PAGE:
"So, we cannot tell anything about what he's [Trump] going to do, but if… he is going to fight the terrorists, of course we are going to be ally, natural ally in that regard with the Russian, with the Iranian, with many other countries who wanted to defeat the terrorists," Assad told Portuguese television broadcaster RTP.
Speaking to Belgian journalists in February 2017, Assad reiterated that he believes that the potential military cooperation between Washington and Moscow in the region would be "positive for the rest of the world, including Syria."
Still, the Syrian President remarked that it was too early to make any predictions.
"I think this is promising, we have to wait, it's still early to expect anything practical. It could be about the cooperation between the US and Russia, that we think is going to be positive for the rest of the world, including Syria. So, as I said, it's still early to judge it," he said as quoted by SANA.
According to Kinshchak, Damascus hopes that Washington will correct the previous administration's policy aimed at supporting the "irreconcilable" opposition in Syria.
"It is obvious: you cannot effectively tackle the terror threat at the same time continuing to play dangerous games with radicals from Syria's "irreconcilable" opposition, providing jihadists with money and weapons," the Russian diplomat pointed out.
'Local Peace Deals': Damascus Makes Efforts to De-Escalate Conflict
Commenting on Damascus's counterterrorism efforts, the Russian diplomat highlighted that at the same time the Syrian government tries to diminish hostilities on the ground through local peace deals.
The Syrian government's practice is aimed at restoring peace and order in the country's regions by allowing the "irreconcilable" opposition to flee to Idlib. Those who voluntarily lay down arms are granted amnesty by Damascus.
Kinshchak stressed that such a practice let the Syrian government to de-escalate the conflict in the country step by step.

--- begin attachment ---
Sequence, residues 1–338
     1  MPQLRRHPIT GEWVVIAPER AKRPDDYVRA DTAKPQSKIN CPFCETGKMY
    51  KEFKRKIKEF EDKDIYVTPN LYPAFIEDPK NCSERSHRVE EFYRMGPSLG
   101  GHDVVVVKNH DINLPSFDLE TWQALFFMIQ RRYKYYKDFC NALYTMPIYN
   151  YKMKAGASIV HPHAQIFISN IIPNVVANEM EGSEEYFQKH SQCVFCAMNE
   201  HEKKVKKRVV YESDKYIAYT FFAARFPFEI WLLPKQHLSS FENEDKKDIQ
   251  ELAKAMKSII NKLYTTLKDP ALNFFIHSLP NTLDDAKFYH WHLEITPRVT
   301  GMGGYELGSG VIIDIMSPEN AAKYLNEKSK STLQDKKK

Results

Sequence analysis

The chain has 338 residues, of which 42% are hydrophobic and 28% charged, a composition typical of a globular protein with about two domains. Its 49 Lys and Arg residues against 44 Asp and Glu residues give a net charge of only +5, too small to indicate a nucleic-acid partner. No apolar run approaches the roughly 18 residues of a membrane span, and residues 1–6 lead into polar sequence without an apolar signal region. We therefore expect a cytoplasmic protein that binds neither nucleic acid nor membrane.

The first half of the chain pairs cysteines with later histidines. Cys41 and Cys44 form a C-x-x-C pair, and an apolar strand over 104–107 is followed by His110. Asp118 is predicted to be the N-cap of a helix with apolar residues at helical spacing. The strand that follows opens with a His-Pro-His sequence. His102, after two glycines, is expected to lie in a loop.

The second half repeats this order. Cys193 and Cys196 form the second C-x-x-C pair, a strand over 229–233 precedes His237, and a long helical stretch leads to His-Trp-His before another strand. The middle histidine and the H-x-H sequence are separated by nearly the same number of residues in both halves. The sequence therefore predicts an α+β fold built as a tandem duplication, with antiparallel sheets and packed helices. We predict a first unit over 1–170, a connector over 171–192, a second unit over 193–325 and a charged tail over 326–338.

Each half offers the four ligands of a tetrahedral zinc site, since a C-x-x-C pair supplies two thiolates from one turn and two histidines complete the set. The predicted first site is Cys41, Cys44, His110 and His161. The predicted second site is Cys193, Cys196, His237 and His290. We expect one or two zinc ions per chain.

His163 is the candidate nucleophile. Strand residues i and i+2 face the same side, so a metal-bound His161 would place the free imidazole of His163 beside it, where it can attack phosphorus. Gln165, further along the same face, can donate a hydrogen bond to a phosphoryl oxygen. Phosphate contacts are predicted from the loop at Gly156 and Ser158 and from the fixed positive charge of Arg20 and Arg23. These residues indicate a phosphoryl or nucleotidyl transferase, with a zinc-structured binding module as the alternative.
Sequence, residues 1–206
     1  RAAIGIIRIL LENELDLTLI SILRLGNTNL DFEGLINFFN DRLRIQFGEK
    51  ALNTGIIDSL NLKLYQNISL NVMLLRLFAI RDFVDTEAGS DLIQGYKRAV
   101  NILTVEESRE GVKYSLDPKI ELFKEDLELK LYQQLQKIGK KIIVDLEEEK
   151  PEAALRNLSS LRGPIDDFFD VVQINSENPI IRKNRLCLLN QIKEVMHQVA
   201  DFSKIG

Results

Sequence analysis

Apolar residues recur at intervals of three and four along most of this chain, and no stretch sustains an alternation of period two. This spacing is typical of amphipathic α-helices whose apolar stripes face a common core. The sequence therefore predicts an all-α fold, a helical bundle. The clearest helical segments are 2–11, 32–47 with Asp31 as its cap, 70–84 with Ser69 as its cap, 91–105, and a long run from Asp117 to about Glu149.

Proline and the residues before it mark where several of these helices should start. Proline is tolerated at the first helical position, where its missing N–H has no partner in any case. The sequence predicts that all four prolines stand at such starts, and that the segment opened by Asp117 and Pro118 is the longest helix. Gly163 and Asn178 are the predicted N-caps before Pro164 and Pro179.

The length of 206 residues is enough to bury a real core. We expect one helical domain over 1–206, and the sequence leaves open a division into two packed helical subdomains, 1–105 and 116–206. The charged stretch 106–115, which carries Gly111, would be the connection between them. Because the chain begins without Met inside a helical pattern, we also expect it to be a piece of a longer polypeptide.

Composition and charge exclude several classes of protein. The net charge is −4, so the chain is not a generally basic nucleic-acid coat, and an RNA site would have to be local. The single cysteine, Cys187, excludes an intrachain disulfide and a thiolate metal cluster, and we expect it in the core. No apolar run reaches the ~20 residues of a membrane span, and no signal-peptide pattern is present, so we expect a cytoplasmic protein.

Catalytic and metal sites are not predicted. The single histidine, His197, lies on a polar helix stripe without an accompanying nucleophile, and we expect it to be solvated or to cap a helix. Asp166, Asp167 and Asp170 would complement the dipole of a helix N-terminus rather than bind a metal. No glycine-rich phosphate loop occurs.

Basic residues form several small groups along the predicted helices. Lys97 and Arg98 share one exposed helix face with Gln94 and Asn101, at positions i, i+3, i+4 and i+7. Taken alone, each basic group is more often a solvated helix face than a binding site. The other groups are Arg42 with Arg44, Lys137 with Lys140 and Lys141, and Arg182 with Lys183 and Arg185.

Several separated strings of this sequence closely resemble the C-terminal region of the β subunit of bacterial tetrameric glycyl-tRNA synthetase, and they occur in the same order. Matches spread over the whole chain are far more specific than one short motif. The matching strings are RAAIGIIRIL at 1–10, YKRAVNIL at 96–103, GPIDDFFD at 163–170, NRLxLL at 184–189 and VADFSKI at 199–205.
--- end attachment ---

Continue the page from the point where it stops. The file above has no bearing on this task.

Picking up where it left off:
"As practice showed, the order and normal life have been immediately restored in these pacified regions, allowing [Syrian] refugees to return home," he said.
Hayat Tahrir Al-Sham: New Terrorist Coalition Emerges in Idlib, Hama
However, the Russian diplomat admitted that much remains to be done in Syria to tackle the terror threat.
Kinshchak revealed that currently in the provinces of Idlib and Hama Islamist insurgents are busy creating yet another large coalition of jihadist groups under the banner of the "Organization for the Liberation of the Levant," also known as Hayat Tahrir al-Sham.
This organization was founded on January 28 by al-Qaeda affiliate al-Nusra Front and its allies.
Kinshchak noted that the group has been spotted targeting former Islamist fighters who struck an agreement with the Syrian legitimate government and joined the peace negotiations.
"Time will tell what this enmity among the illegal armed groups will result in. In any event, I am convinced that the Syrian [Arab] Army supported by its allies, including Russia's Aerospace Forces, will continue to fight back and will inflict a crushing defeat on the terrorists," he said.